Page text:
[ How-To ] Linux Installation

Using the BTD-300 and BTD-400 on Ubuntu Linux and other distributions


Our BTD-300 and BTD-400 USB Bluetooth adapters are compatible on Ubuntu Linux and derivatives. The required drivers are included with Ubuntu 12.04 and later. Click here on official documentation on how to use Bluetooth.

*Note: If your laptop has a built-in Bluetooth adapter, it will need to be disabled (See *advance section below) before using the USB Bluetooth adapter. Don’t uninstall the Bluetooth management software in the last step!

For other Linux distributions, you’ll need to install the BlueZ Bluetooth stack and the BlueMan Bluetooth Manager. Consult your distribution’s web site to see if the Bluez and Blueman software are available as a ready-to-install software package.

NOTE: There is an issue with the Bluez Bluetooth stack and the BTD-400. The audio profile for voice communication (via apps such as Skype) doesn’t work. There hasn’t been a resolution for this issue. We recommend using the BTD-300 if you plan to use VoIP apps.

Turning on Bluetooth

  1. Plug in the Bluetooth adapter
  2. Click the Bluetooth Icon in the toolbar
  3. Click turn on Bluetooth

Connecting a Device

  1. Click the Bluetooth icon in the menu bar and select Set Up New Device.
  2. Make the other Bluetooth device discoverable or visible and place it within 10 meters (about 33 feet) of your computer. Click Continue. Your computer will begin searching for devices.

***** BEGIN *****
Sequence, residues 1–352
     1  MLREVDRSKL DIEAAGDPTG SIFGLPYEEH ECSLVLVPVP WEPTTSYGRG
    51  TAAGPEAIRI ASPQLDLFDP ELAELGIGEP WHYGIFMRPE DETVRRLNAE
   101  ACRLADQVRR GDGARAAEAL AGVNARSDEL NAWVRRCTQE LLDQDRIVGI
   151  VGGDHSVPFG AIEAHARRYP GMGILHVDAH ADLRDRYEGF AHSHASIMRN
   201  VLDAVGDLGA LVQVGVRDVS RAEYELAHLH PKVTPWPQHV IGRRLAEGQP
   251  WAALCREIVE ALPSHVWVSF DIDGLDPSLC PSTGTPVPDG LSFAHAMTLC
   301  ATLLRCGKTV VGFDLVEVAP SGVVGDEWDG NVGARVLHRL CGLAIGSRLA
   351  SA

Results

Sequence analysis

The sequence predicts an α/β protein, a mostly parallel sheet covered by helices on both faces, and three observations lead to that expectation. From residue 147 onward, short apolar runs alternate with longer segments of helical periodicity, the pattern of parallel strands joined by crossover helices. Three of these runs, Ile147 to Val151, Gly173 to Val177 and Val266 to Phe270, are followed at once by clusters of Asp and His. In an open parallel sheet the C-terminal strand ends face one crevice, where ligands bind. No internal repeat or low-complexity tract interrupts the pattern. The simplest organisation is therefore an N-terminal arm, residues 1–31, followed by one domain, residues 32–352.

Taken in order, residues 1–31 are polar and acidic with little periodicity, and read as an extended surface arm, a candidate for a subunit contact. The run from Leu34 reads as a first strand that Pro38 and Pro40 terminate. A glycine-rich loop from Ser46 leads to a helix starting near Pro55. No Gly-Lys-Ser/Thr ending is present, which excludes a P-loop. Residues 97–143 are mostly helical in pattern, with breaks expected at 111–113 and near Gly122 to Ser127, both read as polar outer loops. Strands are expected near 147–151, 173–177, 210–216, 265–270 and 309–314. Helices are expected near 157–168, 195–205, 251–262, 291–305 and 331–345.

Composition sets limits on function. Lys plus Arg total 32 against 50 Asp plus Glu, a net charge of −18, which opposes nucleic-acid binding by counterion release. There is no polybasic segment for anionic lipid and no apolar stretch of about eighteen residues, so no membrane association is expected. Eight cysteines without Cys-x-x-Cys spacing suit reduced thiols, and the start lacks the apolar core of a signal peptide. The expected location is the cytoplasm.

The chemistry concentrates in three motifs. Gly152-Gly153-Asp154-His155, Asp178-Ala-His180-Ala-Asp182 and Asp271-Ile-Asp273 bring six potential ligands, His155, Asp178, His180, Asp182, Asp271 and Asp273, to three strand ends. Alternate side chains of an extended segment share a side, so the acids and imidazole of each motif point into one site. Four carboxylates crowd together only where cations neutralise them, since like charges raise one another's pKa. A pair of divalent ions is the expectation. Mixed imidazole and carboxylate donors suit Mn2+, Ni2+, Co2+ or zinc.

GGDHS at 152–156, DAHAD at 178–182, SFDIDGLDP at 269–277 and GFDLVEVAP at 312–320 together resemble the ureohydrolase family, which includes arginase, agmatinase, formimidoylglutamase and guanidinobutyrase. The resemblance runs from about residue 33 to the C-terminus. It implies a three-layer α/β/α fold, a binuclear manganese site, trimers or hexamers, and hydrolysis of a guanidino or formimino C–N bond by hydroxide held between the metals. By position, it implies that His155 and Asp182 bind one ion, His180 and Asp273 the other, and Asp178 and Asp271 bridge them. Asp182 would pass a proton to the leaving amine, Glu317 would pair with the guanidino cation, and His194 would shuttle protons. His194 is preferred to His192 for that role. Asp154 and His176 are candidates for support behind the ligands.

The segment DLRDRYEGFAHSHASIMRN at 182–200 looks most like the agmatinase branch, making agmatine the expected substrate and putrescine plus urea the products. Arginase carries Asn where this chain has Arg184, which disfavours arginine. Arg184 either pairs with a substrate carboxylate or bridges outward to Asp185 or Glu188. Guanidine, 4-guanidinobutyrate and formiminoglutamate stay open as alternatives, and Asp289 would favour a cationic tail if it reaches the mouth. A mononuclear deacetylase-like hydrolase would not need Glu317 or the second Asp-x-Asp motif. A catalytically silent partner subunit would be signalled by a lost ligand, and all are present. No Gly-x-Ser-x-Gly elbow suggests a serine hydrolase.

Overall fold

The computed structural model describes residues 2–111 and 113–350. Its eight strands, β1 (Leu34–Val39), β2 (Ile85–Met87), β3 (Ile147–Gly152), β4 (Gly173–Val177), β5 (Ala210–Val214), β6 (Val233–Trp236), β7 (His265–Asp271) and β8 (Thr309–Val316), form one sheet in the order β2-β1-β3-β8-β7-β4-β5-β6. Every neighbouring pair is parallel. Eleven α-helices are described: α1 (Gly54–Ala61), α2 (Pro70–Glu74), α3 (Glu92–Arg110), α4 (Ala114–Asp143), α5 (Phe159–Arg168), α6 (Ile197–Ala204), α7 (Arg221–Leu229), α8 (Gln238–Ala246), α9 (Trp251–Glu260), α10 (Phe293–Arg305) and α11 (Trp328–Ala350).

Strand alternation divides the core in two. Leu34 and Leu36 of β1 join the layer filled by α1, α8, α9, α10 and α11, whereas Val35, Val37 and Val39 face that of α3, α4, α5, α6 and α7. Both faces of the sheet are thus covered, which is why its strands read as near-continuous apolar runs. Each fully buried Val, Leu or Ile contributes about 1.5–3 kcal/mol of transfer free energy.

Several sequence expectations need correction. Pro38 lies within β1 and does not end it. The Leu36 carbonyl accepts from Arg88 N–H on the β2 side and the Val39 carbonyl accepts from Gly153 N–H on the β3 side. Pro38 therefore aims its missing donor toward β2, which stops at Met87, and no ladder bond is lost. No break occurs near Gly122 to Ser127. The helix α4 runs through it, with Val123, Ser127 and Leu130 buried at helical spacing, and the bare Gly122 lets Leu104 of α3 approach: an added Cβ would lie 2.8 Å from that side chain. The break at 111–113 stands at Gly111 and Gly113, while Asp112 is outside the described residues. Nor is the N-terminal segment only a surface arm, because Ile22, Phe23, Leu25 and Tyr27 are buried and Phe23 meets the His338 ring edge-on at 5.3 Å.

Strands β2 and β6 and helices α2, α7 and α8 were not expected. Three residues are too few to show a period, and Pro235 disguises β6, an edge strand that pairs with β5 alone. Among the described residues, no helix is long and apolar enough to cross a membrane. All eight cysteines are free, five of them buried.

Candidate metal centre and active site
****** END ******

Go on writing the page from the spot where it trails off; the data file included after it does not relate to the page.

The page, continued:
3. If there are too many devices listed, use the Device type drop-down to display only a single type of device in the list.
  4. Click PIN options to set how a PIN will be delivered to the other device.
  5. The automatic PIN setting will use a six-digit numerical code. A device with no input keys or screen, such as a mouse or headset, may require a specific PIN such as 0000, or no PIN at all. Check your device’s manual for the proper setting.
  6. Choose an appropriate PIN setting for your device, then click Close.
  7. Click Continue to proceed. If you did not choose a preset PIN, the PIN will be displayed on the screen.
  8. If required, confirm the PIN on your other device. The device should show you the PIN you see on your computer screen, or may prompt you to enter the PIN. Confirm the PIN on the device, then click Matches.

You need to finish your entry within about 20 seconds on most devices, or the connection will not be completed. If that happens, return to the device list and start again.

  1. A message appears when the connection successfully completes. Click Close.

Set Playback Devices

  1. Click the Speaker icon on the toolbar and select Audio Setup
  2. Select the Audio Hardware Setup Tab
  3. Click Profile drop-down box and select Off

Linux Driver Installation

The Linux kernels after June 2012 have the drivers for the Broadcom Bluetooth chipset. They are present in Linux kernel versions 3.0.x, 3.2.x and 3.4.x. It also present in Linux kernels 4.0 and above so no driver installation is required.


The KDE and GNOME desktop environments provide Bluetooth configuration and management utilities. If not installed by default, you will need to install them with your Linux distribution’s package manager.

Debian, Linux, Ubuntu and Ubuntu derivatives usually have the Bluez Bluetooth stack installed by default along with a Bluetooth manager. We recommend opening a terminal window and typing the following commands to install the necessary packages:

sudo apt-get install bluez blueman